Mutant World

Thursday, December 21, 2006

Java Memory Model: down to the metal

Javapolis is over, and among the sessions that can be seen and heard online, there's Brian Goetz's on the Java Memory Model.

Although I knew (since a while) about the new memory model, I wanted to check out if there was something new. Brian's presentation is quite entertaining (considering the thickness of the argument), but no news with respect to what I already knew.

One thing that always intrigued me, however, is: How is the new memory model actually implemented ?

Before we go into the detail, I will make a small preamble about what the problem is in JDK 1.4, and how it has been fixed in JDK 5.

In JDK 1.4, if two threads are executing the now deprecated double checked locking code (see below), there is no guarantee that the singleton is created only once (it may be created twice) or - hard to believe but true - that a fully constructed singleton is returned (a partially constructed singleton may be returned):

public class Singleton
private static Object singleton;
public static Object getInstance()
if (singleton == null)
synchronized (Singleton.class)
if (singleton == null)
singleton = new Object();
return singleton;

How is it possible that the double checked locking does not work ?

It is possible because in JDK 1.4 the memory model, i.e. the interaction between threads and memory, was not well defined.
In a multi-processor machine it was perfectly legal for the first processor, running the first thread, to cache the value of the data member singleton (for example in a registry) so that the second processor, running the second thread, would have read the stale value of null, even if the first thread already updated it.

Fortunately, in JDK 5 the memory model has been fixed, so that now the effects of synchronized, volatile and final with respect to the memory model have been precisely defined.

These effects are outlined in Brian's presentation, and defined here so you may want to refer to these resources for further details.
The short story is that those keywords now impose memory barriers, i.e. they tell the processors to flush the caches to main memory, or to invalidate the caches and therefore read fresh data from main memory.

In JDK 1.4, the synchronized keyword does not guarantee a memory barrier when the lock is released. In JDK 5 the memory barrier is guaranteed. (Now, you may think that in JDK 5 the double checked locking code above works fine, but it does not - not yet).

Now that we are done with the preamble, let's go back to my original question: how are these memory barriers implemented in the JVM ?

It turns out operative systems do not have primitives (system calls) that handle memory barriers, but processors do. So the JVM goes down to the metal, from C++ to assembler, and squeezes in few assembler instructions to tell the processor to perform a memory barrier.
For example to implement a particular memory barrier called fence, in a x86 the assembler instruction is lock addl 0,(sp) where sp is the stack pointer, while in a ia64 there is a dedicated assembler instruction called mf (memory fence).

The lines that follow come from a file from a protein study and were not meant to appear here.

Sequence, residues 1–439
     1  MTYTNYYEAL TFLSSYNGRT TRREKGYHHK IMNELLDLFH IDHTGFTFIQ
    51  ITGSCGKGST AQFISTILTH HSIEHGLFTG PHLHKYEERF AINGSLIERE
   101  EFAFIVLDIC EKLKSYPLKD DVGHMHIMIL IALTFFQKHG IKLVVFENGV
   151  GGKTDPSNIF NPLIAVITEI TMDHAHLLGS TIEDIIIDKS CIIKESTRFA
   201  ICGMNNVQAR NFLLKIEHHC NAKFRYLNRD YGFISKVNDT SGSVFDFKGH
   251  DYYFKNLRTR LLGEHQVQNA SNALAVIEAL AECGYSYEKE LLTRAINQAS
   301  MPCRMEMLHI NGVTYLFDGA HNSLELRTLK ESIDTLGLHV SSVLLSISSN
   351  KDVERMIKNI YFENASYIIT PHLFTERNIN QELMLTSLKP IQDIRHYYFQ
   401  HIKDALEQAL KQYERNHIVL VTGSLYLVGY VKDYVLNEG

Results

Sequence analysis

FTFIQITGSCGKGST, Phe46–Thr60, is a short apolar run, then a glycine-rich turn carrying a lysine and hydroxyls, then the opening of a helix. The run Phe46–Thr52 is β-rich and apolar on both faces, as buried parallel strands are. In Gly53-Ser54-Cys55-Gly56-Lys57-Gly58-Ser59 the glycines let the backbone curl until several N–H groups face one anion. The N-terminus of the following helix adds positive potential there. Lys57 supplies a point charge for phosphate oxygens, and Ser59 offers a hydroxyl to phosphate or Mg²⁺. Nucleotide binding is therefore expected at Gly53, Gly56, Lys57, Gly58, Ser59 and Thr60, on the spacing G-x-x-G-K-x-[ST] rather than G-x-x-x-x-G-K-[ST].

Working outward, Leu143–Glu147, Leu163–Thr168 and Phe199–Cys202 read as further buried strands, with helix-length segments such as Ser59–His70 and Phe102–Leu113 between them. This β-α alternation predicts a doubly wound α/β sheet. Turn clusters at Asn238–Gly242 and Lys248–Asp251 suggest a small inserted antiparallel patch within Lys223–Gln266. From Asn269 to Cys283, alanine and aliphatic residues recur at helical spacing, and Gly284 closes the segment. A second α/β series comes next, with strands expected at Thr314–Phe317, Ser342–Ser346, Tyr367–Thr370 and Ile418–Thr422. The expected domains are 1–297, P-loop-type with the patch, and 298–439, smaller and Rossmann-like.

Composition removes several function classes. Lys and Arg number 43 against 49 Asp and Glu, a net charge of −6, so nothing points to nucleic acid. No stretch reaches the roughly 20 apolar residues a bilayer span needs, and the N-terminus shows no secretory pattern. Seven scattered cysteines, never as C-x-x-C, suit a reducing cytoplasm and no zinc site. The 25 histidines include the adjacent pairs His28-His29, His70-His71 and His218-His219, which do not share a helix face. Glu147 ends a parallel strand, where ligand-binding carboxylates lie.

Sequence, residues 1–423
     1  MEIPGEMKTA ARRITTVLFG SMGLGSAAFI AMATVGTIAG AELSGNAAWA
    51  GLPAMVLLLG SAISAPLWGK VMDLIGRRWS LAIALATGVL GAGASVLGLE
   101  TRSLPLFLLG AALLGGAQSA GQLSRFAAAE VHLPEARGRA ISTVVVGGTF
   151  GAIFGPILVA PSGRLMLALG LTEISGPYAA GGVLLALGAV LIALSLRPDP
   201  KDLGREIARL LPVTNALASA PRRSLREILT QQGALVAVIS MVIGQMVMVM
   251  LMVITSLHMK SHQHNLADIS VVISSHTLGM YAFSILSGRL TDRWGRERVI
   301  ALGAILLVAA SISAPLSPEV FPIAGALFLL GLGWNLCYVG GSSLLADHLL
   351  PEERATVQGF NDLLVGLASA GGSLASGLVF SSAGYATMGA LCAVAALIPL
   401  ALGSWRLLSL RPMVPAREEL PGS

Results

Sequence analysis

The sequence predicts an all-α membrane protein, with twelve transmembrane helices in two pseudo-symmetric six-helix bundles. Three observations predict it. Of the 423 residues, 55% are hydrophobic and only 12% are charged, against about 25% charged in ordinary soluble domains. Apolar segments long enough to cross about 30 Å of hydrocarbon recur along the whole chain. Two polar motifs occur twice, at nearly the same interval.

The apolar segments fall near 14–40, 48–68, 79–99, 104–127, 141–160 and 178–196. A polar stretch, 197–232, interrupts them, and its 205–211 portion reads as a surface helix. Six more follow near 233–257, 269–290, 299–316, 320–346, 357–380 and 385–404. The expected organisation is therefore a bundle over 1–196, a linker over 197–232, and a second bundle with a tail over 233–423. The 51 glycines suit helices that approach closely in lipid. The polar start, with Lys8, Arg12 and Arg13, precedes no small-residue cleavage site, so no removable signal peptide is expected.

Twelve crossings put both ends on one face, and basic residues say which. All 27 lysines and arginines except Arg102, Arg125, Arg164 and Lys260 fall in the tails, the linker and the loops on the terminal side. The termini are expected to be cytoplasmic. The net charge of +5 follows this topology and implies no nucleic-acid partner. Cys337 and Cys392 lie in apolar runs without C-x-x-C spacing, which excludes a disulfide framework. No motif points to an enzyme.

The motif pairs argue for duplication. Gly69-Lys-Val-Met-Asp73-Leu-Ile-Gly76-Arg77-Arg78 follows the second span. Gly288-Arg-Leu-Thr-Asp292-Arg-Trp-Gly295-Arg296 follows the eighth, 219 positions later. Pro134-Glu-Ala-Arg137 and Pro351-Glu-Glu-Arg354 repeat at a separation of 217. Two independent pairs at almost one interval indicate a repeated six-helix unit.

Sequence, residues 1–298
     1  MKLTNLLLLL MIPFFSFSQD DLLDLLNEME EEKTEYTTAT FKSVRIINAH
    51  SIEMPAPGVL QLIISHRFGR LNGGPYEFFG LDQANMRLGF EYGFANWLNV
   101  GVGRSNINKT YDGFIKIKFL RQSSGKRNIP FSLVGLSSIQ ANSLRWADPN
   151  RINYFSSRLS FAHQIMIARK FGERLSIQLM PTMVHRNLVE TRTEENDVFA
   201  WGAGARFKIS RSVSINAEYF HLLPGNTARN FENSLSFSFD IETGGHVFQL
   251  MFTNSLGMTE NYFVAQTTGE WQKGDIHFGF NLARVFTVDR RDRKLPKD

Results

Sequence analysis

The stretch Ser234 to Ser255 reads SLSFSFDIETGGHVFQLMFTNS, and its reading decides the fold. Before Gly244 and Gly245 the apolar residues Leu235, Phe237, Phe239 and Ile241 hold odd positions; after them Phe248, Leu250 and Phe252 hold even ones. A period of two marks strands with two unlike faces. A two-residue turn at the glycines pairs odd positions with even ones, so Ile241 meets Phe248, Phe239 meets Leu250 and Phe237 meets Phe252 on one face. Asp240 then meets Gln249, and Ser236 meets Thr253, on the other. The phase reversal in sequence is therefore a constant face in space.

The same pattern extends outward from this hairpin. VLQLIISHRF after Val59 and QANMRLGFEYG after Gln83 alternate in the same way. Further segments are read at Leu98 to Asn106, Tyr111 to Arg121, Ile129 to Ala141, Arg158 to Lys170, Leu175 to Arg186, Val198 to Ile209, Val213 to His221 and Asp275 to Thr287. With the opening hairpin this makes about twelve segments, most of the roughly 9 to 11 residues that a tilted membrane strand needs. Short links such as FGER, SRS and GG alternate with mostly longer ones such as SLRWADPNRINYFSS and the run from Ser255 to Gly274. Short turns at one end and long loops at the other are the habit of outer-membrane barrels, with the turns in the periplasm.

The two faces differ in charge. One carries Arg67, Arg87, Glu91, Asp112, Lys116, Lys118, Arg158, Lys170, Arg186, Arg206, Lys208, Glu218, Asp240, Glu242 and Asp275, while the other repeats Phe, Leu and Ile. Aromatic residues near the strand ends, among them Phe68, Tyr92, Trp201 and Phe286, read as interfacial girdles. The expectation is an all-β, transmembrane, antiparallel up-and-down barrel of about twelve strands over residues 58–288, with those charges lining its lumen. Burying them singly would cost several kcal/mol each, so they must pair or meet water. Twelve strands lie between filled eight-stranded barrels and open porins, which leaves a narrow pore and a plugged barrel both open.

Conclusion: Once again I am thankful that the JVM takes care of these details for me, although it's quite funny to figure them out :D

Tuesday, December 19, 2006

Java Closures

Java Closures seem to be the buzzword of the moment.
Unfortunately I missed the (I'm told great) JavaPolis conference in Antwerpen, Belgium, but fortunately the JavaPolis guys have put videos of the sessions online !

I recommend all people interested to watch or listen to Neal Gafter's session on closures.

The very interesting idea behind closures in Java (how they are shaped right now, at least) is the ability to write code that somehow "extends" the Java language syntax itself, adding what look like new keywords to the Java language itself.
Neal Gafter himself said that if closures where in the language before JDK 5, the new for loop syntax would probably not have been introduced.

How do closures look like ?

The proposed syntax for the closures in Java allows to write code such as:

Collection<T> elements = ...;
forEach (T element : elements) { doSomething(element); }

The forEach statement here looks like a new keyword of the Java language, but in reality is a method call (assume there is a static import such as import static java.util.Collections.forEach).

Another example is iterating over entries of a java.util.Map:

Map<K, V> props = ...
eachEntry(K key, V value : props) { doSomething(key, value); }

where again the eachEntry statement is a static method call to (for example) java.util.Collections.

One can even think of replacing the synchronized keyword with the classes from java.util.concurrent.locks:

final Lock lock = ...;
sync(lock) { oneThreadAtATime(); }

where sync is a method call, and not a keyword.
It is impressive how closures make sync look like a keyword, when compared to the real synchronized keyword.

Possibilities are endless: from automatically closing streams, to measuring elapsed time, to adding functional programming to collections, to simplify java.util.concurrent.Executor usage, etc.

Closures in Java are targeted for JDK 7. Seems strange to say, with JDK 6 released few days ago, but I cannot wait to see closures in Java.

Saturday, December 16, 2006

Hibernate blog interview

Michele SciabarrĂ  interviewed me on Hibernate in a short, blog-like style interview available here (in Italian).